One of the lesser, but frequent challenges for the expat in Mexico is ordering eggs in a restaurant. If you are fussy about how you want them cooked, as many are, you should read the following primer about getting your eggs the way you want.
But before anything else, I want to confront head on the nearly apocryphal mysteries of the double meaning of the word, "huevos". While it's true that it also has a second meaning of "testicles", or more accurately, "balls", the visiting gringo or savvy expat should not worry about evoking snickers or even guffaws from the waitstaff. The staff deals with eggs all morning, and if they were constantly snickering, they'd have no time or energy left to serve customers. That sort of humor, and also about chiles (a potent phallic symbol) is best relegated to the humorous repertoire of small boys and barely pubescent adolescents.Common Pitfalls In Ordering Eggs
Nota bien: if you accompany your ordering with sign language, you may provoke humor. If you personalize your order, you run further risks. For example, don't say, "I'll have your eggs, fried, and over easy."
That's personalizing it. You just want "huevos estrellados."
1. "Huevos al Gusto", literally, "eggs to your pleasure", but really "eggs to order".
Don't make the mistake of a one of our visiting friends and say, "I'll have the huevos al gusto." The waiter will have to ask you again how you want them prepared.
2. "Huevos Estrellados", or eggs, sunnyside up. These are among the most popular. You need not accompany your request with elaborate sign language, making what seem to the waiter to be confusing and possibly humorous gestures. You have a better chance of getting them as you like if you use those two simple words. And, "por favor", of course.
3. "Huevos a la Mexicana": eggs scrambled with chopped chiles, tomatoes and onions. Simply, "eggs in the style of a Mexican woman". Try not to say, "huevos al MexicanO", which gives a simple order a new, special meaning.
4. "Eggs, over easy" aren't easy to order. Many restaurants don't get the concept. You have to ask for "huevos fritos volteados". I once mistakenly said, trying to be helpful to another breakfaster, "huevos revolcados", or something like, "knocked down eggs". Where did I get that?
If you are lucky, one of your breakfast companions will order eggs sunnyside up, using gestures, and his eggs will arrive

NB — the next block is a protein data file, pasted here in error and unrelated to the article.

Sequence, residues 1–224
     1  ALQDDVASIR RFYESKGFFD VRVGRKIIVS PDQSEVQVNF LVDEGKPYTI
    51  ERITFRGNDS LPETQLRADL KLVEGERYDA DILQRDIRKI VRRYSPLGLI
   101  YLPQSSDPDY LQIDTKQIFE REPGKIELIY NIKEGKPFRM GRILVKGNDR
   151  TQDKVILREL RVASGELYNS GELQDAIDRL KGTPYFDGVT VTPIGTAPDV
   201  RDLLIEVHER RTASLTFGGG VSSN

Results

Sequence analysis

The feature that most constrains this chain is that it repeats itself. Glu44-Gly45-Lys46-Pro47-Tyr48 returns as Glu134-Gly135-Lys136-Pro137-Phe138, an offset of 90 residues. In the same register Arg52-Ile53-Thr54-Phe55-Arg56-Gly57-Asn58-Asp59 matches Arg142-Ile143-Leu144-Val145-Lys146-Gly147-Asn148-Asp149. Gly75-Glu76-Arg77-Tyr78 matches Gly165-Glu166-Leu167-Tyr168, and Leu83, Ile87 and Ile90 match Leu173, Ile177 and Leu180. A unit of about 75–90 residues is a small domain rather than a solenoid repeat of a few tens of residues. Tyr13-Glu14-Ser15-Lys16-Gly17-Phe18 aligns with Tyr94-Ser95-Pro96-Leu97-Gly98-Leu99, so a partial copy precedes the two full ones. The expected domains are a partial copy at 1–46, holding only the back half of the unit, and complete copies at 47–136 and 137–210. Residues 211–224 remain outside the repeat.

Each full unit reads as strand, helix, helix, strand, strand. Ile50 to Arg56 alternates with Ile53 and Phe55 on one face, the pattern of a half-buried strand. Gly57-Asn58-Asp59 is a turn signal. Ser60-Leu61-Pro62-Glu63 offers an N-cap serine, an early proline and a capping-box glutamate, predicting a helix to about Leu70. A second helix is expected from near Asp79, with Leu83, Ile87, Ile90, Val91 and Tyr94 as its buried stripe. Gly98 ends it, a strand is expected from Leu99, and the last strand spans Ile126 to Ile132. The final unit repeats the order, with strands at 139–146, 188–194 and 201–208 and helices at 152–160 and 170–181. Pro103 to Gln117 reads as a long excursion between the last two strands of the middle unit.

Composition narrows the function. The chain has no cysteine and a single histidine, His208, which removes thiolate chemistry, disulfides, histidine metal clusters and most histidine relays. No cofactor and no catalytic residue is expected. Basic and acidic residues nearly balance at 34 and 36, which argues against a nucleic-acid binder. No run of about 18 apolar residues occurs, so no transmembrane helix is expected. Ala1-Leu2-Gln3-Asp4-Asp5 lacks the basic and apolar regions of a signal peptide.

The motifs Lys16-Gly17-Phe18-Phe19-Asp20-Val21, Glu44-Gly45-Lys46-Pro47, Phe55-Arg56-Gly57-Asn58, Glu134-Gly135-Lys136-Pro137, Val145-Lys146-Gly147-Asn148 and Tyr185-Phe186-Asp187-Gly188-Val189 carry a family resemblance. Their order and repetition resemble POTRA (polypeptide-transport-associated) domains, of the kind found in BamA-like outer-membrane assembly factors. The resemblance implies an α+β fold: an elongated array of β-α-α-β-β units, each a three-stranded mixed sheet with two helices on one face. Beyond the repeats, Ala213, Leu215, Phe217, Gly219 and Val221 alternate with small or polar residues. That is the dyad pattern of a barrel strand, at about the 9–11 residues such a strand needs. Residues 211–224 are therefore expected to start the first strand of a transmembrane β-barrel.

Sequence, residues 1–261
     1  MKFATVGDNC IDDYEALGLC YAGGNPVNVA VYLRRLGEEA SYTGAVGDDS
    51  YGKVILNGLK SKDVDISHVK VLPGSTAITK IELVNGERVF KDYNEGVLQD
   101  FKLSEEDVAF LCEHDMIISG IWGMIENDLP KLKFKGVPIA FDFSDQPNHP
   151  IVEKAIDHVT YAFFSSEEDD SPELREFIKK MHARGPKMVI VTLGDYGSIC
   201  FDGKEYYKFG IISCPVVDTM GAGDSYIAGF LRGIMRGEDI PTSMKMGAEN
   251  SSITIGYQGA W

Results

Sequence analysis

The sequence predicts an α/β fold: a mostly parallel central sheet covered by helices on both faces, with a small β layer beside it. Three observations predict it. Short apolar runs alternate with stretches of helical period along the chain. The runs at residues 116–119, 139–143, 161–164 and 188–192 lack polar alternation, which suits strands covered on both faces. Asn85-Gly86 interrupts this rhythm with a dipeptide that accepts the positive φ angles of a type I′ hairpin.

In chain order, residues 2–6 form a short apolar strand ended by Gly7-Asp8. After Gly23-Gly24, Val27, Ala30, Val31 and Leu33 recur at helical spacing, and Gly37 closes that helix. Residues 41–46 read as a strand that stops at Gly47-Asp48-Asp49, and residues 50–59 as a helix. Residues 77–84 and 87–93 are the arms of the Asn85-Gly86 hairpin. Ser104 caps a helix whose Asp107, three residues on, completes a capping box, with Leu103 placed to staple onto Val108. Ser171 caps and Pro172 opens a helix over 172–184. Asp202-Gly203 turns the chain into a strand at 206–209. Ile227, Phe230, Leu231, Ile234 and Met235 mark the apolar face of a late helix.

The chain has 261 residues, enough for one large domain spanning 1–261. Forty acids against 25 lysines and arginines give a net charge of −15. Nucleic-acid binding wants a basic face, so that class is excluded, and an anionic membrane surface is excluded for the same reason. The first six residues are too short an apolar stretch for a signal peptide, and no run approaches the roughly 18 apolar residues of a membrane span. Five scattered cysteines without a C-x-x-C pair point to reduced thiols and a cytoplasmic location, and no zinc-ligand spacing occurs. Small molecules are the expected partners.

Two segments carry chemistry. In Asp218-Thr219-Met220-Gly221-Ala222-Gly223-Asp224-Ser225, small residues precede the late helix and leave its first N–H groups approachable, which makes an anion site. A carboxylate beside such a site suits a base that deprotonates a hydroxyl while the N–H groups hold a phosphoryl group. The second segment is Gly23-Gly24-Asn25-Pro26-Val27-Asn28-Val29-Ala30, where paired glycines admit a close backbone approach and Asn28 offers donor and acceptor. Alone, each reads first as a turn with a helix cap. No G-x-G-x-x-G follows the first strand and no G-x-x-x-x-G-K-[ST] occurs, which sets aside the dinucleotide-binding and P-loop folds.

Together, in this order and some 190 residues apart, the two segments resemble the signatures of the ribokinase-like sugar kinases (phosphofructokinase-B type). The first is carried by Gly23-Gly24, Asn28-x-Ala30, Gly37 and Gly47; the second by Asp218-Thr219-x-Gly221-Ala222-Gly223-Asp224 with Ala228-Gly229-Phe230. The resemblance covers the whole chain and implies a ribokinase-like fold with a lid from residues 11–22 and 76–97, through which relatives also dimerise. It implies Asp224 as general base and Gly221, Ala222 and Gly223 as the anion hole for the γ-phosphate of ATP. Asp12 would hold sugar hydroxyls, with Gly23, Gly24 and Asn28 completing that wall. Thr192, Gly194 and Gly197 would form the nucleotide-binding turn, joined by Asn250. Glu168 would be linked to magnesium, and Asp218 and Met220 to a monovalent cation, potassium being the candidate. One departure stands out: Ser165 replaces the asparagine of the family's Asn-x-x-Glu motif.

Let's move along quickly now. The following egg dishes are less fraught with peril:
5. "Huevos Rancheros": eggs sunnyside up, on top of a lightly fried tortilla or two, covered with a salsa picante. Why this is totally snigger free is a mystery.
6. "Huevos Divorciados." Sounds spicy, and they are: two eggs, estrellados, one in salsa verde and the other in salsa roja, on top of tortillas. This is a gringo favorite, especially those who have been in Santa Fe, New Mexico.
7. "Huevos revueltos": I almost forgot them! Scrambled eggs. They are seldom cooked as I like, so I do not order them while breakfasting out.
8. "Omeleta" Sounds like "omelet", and it is. Usually made with two eggs, and filled "al gusto". What does "al gusto" mean? Class???
"As you like.", that's right. Muy bien.
So, you will need to specify what you want in it. "Tocino" (bacon), "queso", (cheese); "cebolla" (onion), et cetera. Omelets are usually attractively garnished with onion, tomato and avocado, so you get a bonus for your breakfast pesos.
Special hint: The Omeleta de espárragos, cebolla, nopal y queso at the Gran Hotel Café in Pátzcuaro is a delight.
9. "Huevos Albañil", or "Stonemason's eggs"; scrambled eggs drowned in a very spicy sauce. Order this, as I do, when you want to be a cool, Old Mexico Hand.
10. Poached eggs: in general, don't even try, unless you are in the restaurant of an international hotel. My Spanish-English digital dictionary yields the word, "escalfar" for "poached", but we have had some limited success with "huevos pocheados". Don't get your hopes up. Please, whatever you do don't call them "huevos pochos".
There are other ways of preparing eggs, but the above listed are among the most commonly encountered. For further information, sign up for our advanced Huevos Clase.
Always be polite, and say "Por favor" and "gracias" at appropriate times. Try to keep gestures and especially sign language to the minimum. They look rude.
Finally, try to remember that Patience Is A Virtue, and that glitches in service do not occur only in Mexico. I'll end with a video drama, made in an American diner, to keep things in perspective.
This is probably my last post of 2008. We'll be travelling to México D.F., Puebla, and then spending a couple of weeks on Oaxaca. I hope to be observing, tasting and even cooking while we are there. With luck and energy, I'll report back on our experiences.